What is there to see when staying on holiday in Whitstable?
The town has many beaches which are popular for swimming, watersports and sunbathing, Perhaps the most famous of these is the gorgeous, unspoilt Tankerton Beach, a pebble beach which offers some of Whitstable’s most stunning views. Tankerton Beach’s groins and colourful beach huts provide a timeless seaside charm, and visitors will be spoilt for things to see as on a clear day the seafront affords views of Southend, The Isle of Sheppey, The Maunsell Sea Forts and the Kentish Flats offshore wind farm. At low tide the waters recede to reveal ‘the street’, a shingle strip extending half a mile out to sea, which according to local lore was used by Roman troops for unloading cargo.
Other attractions include Whitstable Castle which is located on the suburb of Tankerton and border of Whitstable. Built by the Pearson family in the 1790s, and also known as Tankerton Towers, the castle is a wonderful example of mid-period Georgian architecture situated on the seafront just a short walk from the harbour. Serving these days as a highly sought-after venue for prestige events such as weddings and parties, the castle features a public park complete with extensive ornamental gardens, maintained by a team of gardeners working year-round to ensure every season is filled with colour and life. There is also a children’s play-area, perfect for kids to run around in, perhaps while you enjoy a spot of tea at the castle’s Orangery tea rooms, open seven days a week.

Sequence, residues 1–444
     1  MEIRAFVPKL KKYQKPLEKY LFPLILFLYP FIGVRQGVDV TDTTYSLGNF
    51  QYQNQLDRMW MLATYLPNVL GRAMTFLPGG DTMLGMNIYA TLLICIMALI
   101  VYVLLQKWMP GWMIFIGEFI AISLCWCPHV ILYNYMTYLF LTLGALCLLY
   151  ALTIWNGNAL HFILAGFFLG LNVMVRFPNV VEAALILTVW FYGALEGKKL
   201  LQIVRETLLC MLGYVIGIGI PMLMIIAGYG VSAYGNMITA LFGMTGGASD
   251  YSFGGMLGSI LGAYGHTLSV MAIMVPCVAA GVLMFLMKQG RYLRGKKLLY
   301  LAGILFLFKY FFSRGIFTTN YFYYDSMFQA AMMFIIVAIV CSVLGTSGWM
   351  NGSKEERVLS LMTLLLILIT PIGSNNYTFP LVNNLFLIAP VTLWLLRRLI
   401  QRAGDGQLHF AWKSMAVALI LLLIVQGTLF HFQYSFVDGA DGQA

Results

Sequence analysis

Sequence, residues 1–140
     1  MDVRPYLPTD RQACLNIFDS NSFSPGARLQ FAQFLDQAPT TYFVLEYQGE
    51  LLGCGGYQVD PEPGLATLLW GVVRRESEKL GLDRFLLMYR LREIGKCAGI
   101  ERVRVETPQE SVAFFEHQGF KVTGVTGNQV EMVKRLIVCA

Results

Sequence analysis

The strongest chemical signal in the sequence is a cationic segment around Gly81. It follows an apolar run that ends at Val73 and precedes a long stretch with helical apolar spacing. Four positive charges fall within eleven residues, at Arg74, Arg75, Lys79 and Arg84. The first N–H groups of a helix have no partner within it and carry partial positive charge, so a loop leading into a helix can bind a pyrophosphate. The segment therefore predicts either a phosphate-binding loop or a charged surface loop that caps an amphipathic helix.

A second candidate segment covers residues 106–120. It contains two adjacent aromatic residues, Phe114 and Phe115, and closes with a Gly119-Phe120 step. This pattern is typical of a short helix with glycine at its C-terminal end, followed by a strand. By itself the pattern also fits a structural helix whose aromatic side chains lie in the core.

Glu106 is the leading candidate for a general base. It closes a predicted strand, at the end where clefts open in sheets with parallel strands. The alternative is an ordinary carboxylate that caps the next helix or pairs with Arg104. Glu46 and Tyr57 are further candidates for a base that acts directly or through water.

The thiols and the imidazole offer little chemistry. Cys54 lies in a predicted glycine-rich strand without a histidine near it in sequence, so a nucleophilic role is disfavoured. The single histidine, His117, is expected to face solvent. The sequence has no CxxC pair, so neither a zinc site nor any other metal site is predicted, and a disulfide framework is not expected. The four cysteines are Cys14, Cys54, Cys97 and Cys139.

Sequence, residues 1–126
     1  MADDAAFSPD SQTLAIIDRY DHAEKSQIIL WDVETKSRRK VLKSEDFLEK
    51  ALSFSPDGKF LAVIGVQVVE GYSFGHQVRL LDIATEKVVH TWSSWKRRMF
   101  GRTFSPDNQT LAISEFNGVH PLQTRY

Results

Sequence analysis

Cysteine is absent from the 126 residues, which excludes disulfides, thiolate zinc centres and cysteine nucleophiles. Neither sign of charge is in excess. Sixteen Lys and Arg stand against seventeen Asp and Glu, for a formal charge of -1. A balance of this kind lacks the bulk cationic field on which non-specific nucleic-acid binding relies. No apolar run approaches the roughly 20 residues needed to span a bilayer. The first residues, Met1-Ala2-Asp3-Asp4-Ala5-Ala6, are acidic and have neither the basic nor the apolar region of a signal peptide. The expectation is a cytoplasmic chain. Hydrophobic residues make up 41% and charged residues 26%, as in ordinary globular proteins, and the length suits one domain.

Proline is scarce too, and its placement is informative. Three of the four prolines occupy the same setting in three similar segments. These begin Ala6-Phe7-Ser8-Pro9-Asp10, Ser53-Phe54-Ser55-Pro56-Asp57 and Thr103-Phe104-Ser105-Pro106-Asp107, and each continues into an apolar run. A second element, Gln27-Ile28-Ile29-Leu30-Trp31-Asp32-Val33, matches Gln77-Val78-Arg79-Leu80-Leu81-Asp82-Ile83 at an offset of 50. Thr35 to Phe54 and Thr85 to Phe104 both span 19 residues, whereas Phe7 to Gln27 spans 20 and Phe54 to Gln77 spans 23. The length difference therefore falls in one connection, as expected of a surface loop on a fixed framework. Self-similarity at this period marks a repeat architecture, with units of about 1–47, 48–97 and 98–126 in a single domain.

Whitstable’s tourist economy benefits hugely from the area’s great natural beauty, and as such the town places great importance in preserving the environment and working towards a greener future. Much of the power used by the town’s 70,000 households is generated by the 30 wind turbines of the Kentish Flats Offshore Windfarm, each of which measures a staggering 459 feet high.
Whitstable’s quaint seaside architecture provides a great deal of the town’s quirky charm, and the fascinating local history is hewn into the town’s very foundations. Whitstable grew up around the road to Canterbury (now the high street), and a network of alleyways sprung up to afford residents access to the sea, as well as to facilitate illegal trade in tobacco and spirits during the Napoleonic wars. These alleys are the veins and arteries of Whitstable, linking the homes, pubs, restaurants and shops with the heart of town, and their singular and curious history mirrors that of the town’s own growth over the centuries, and provides a glimpse into life in the Whitstable of the past, as well as a few amusing names and stories.
Whitstable is also home to England’s largest Village Green: The 52-acre swathe of public land at Duncan Down. Incorporating two ponds and a brook, the famous Duncan Down is an authentic slice of an more traditional Britain, offering fantastic views of the windmill and situated conveniently close to the sea and the Whitstable and Seasalter Golf Club. A must-visit for families with young children and pets, this picturesque green space is also a dream destination for nature lovers, with its friendly rabbit population, and wide array of flowers, including: birdsfoot trefoil, buttercup, clover, flax, ox-eye daisy, and vetch.
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